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Strengthening your core: The case for fixed income

The environment is uncertain—but there are still high-conviction themes to consider for your portfolio.


Our Top Market Takeaways for September 9, 2022

Market update: Same as it ever was

Markets returned from the Labor Day holiday and picked up right where they left off. This week though, non-U.S. markets drove most of the narrative.

The European Central Bank raised interest rates by 75 basis points in an effort to get their policy position to a more appropriate stance. With the move, overnight cash rates within the Eurozone are positive for the first time in around 10 years. The primary driver of the inflation problem that the monetary union is dealing with is soaring energy costs. In Germany, contracted power and natural gas prices are nearly 13-times higher now than they were in January 2020. The shutdown of the Nord Stream pipeline that supplies Europe with Russian natural gas raises questions about how the European economy will avoid energy rationing over the winter, and how damaging the cost of living squeeze will be to households and the economy. We expect growth in the region to be stagnant at best for the rest of the year, especially now that the summer tourism season is behind us.

Meanwhile, in Japan the currency has weakened to its lowest level against the U.S. dollar since “Titanic” and “Saving Private Ryan” were the biggest movies in the world. The Bank of Japan and the People’s Bank of China are the only two major central banks that aren’t raising rates to fight inflation, and currencies are getting hurt for it. For Japan, currency weakness could result in an unwanted form of domestic inflation because imports are so much more expensive, while for China it is more of a commentary on growth consequences of a rebalancing property sector and continued Zero-COVID policies.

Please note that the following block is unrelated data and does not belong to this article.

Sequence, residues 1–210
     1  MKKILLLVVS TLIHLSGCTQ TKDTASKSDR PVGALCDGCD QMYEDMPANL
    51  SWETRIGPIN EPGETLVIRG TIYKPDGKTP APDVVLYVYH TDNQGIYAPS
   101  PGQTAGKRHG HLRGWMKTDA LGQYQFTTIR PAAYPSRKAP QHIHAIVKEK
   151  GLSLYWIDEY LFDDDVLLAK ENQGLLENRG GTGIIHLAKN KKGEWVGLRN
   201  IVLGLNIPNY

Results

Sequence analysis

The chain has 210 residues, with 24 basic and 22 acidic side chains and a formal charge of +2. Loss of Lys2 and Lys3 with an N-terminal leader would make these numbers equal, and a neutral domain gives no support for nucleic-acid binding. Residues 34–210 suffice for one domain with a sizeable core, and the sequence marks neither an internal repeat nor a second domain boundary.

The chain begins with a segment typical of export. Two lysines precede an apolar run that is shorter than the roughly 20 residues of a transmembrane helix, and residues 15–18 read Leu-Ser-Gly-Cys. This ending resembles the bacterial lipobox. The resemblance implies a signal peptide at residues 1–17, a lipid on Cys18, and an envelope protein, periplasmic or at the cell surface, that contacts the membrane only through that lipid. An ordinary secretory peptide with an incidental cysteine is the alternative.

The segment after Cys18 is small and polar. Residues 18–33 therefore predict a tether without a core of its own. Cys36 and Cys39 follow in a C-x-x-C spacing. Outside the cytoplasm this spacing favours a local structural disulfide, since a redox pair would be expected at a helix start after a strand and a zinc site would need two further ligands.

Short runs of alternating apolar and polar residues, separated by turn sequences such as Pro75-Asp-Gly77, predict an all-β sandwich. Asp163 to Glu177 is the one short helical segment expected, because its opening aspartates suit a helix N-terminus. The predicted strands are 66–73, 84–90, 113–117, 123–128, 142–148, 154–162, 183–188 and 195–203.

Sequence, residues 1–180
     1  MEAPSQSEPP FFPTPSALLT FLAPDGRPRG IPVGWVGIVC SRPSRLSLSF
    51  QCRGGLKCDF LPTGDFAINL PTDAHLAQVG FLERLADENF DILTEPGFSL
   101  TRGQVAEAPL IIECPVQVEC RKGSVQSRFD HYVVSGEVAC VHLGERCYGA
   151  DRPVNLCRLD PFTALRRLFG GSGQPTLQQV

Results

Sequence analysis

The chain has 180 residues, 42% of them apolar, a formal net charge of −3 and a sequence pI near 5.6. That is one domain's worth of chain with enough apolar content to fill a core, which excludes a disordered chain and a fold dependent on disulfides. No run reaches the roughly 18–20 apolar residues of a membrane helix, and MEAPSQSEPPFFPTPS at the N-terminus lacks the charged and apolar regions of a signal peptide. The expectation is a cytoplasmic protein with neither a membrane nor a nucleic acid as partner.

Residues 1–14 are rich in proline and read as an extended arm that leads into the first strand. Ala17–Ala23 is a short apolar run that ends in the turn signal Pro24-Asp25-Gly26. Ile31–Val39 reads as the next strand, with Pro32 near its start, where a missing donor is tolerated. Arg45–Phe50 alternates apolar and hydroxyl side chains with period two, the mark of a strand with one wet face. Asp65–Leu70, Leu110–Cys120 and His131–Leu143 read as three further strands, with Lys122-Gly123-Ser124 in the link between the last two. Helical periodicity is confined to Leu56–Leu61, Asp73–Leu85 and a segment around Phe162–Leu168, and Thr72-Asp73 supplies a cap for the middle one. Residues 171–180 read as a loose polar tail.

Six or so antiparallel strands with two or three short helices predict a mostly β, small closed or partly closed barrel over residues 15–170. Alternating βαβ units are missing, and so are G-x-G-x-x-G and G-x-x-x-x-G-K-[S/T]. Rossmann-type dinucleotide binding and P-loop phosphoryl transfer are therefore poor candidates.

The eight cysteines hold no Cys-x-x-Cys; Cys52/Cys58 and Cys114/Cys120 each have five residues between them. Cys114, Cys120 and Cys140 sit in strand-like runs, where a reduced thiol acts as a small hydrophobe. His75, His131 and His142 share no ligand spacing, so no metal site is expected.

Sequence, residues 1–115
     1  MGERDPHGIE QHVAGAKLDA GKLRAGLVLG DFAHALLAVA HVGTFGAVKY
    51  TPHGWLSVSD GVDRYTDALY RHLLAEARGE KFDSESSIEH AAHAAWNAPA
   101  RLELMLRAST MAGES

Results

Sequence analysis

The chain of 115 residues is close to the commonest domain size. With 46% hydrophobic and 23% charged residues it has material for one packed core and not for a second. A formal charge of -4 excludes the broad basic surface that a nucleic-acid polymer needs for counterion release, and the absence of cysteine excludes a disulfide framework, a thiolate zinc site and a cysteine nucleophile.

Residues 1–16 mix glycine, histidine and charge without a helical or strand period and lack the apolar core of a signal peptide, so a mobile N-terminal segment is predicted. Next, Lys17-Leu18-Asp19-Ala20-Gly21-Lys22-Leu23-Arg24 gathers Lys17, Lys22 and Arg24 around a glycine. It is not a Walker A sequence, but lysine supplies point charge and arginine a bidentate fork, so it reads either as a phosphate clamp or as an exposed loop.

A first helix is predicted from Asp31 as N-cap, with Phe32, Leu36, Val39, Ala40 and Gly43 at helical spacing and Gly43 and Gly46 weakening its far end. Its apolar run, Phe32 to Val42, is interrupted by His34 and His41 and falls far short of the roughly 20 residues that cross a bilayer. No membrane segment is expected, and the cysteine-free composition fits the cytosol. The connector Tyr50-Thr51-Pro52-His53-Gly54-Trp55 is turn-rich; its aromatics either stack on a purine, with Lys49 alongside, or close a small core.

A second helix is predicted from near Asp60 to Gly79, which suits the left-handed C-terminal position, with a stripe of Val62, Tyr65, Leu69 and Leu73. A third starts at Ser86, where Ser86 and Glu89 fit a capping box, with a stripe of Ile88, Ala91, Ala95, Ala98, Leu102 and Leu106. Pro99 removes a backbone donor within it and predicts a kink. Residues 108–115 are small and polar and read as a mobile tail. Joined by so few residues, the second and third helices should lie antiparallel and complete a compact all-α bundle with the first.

The irony is that the rest of the world’s problems help to solve the inflation issue in the United States. Due to demand concerns, crude oil prices are at their lowest levels since the beginning of the year. That should help consumption, headline inflation readings, and consumer inflation expectations. A strong dollar helps curb inflation from imports, and reduces global manufacturing activity. Shipping costs are down almost 65% from their highs, used car prices have peaked, and market expectations for inflation over the next year are below 2.5% for the first time since March 2021. The labor market is showing no signs of strain, despite the headlines around workforce reductions at many technology firms. Initial jobless claims have fallen for four straight weeks and remain at levels entirely consistent with expansion. 

But that strength in the labor market is the reason why the Fed will probably raise interest rates by 75 basis points at their meeting in two weeks. They are still not convinced that they have done enough to solve the inflation problem, but the latest data and market indicators suggest that they are well on their way. We think that after their September meeting they will be within striking distance of where they will stop raising interest rates for this cycle. That will mark a critical pivot point for global markets.